13 May 2024

What Javier Milei can teach us about energy


Before the ascendance of President Javier Milei, the Argentine economy could best be described as being up the creek – the South American nation faced 161% inflation, a shrinking economy and its currency losing about 90% of its value. By comparison, the UK’s ongoing economic stagnation may seem immaterial. Nevertheless, there are lessons to be learnt from Milei’s radicalism, especially when it comes to oil and gas.

Argentina has a deep wealth of natural resources, including oil and natural gas. The Argentinian government has historically controlled the domestic oil prices to help households and keep a lid on inflation. However, this policy has distorted the price mechanism, reduced investment in the sector, and undermined domestic production. Milei has sought to loosen the state’s tight grip on the industry to help boost exports and foreign currency.

Vaca Muerta, a shale basin in northern Patagonia, provides one example. Infrastructure has been a monumental problem in the region, with previous governments unable to commit to investment as a result of a volatile economy. It’s reported that new technology will cut production costs to US$36 per barrel of oil (on the market a barrel would typically sell in the region of US$80-US$90), triple oil production and double gas production. 

So, what has Milei done regarding infrastructure in the region? Removed all federal transfers to the region in a bid to create a national fiscal surplus. This move has forced region’s governor to attempt to monetise Vaca Muerta through foreign investment. 

Whilst drawing back state funding, Milei is also proposing a new investment law in the National Congress. The legislation provides both fiscal and tax incentives including allowing foreign investors to repatriate earnings, import any necessary equipment and removes both import and export taxes. It also promises zero government interference in the sector for the next 30 years. 

Milei’s strategy is an economically liberal, hands-off approach, which seems destined to create opportunities within Argentina’s traditional sectors this year. This shock-therapy appears alien to the UK’s energy sector, let alone the rest of our economy. 

The squandering of the UK’s most valuable natural assets in the North Sea offers a stark contrast to Vaca Muerta. About 60% of the UK’s oil and gas fields are destined to close by the end of the decade, and this is not due to a lack of supply or demand.

A report published by the Oil and Gas Authority, stated that an estimated 10-20bn barrels of oil lie in the North Sea. This ought to be good news as the UK continues to be largely reliant on oil and gas. Currently, they make up about 75% of our total energy mix. 

Despite this, oil and gas operators face a staggering headline tax rate of 75%. This tax is ring-fenced and only applies to profits specifically from oil and gas extraction. It does not consider costs from other operations, meaning, in some extreme cases, a tax rate in excess of 100%. Compare this with the current corporate tax rate of 25% and it’s not difficult to see why energy companies are decommissioning.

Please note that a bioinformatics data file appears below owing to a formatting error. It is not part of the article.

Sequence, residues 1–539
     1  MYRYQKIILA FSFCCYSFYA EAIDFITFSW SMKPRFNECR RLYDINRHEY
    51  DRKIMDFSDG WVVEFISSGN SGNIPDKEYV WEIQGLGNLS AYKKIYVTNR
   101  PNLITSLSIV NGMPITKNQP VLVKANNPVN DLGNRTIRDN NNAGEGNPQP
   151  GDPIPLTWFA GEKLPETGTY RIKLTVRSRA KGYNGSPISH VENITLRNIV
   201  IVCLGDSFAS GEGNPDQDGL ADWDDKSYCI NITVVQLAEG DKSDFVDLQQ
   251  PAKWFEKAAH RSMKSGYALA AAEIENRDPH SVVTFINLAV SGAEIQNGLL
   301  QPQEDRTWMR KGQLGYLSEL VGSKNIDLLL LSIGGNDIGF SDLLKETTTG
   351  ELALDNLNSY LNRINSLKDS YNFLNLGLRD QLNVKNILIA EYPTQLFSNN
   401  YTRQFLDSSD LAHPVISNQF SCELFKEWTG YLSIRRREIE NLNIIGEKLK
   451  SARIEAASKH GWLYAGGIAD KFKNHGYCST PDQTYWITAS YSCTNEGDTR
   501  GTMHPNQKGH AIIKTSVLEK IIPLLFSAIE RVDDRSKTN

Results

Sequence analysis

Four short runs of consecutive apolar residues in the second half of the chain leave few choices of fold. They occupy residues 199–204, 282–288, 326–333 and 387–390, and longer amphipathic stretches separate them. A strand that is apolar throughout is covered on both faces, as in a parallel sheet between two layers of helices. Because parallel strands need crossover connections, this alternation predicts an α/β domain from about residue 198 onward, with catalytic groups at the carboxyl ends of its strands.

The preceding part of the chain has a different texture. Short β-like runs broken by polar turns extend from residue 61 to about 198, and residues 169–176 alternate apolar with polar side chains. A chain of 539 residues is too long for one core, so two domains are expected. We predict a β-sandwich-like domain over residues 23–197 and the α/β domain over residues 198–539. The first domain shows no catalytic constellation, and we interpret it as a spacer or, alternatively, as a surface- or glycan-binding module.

Looking to the future, it seems unlikely that the UK will change its path. Both major parties are committed to Net Zero by 2050, and Labour are keen to increase the windfall tax to 78%. This is despite all reasonable estimates of the decarbonisation trajectory including the use of oil and gas at least into the 2040s – meaning Britain will be forced to rely on dirtier imports, often from questionable regimes. 

An alternative to high windfall taxes is to compel companies to reinvest ‘excesses’ into alternative energy projects. This would essentially force private entities to pummel money into Net Zero investments in the hope that there may be societal benefits. However, this is hardly the way to attract investment to an industry that desperately needs it. 

British governments have been highly ambitious in their attempts to reduce carbon emissions. However, it is important to recognise that the price of achieving Net Zero is almost unknown. There have been varying forecasts as to what it may cost the UK, usually between £1-3trn. Net Zero is a credible aim to reduce the impact of climate change, but it is unlikely to be achieved merely through government spending, arbitrarily high taxation on one sector, or excessive regulation.

Whilst it is difficult to see where this ‘radical’ reform will arrive from here in the UK, Argentina, through Javier Milei, is at least offering a case study in liberalisation that may be looked at in years to come. 

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Matthew Bowles is Development Manager at the Institute of Economic Affairs.

Columns are the author's own opinion and do not necessarily reflect the views of CapX.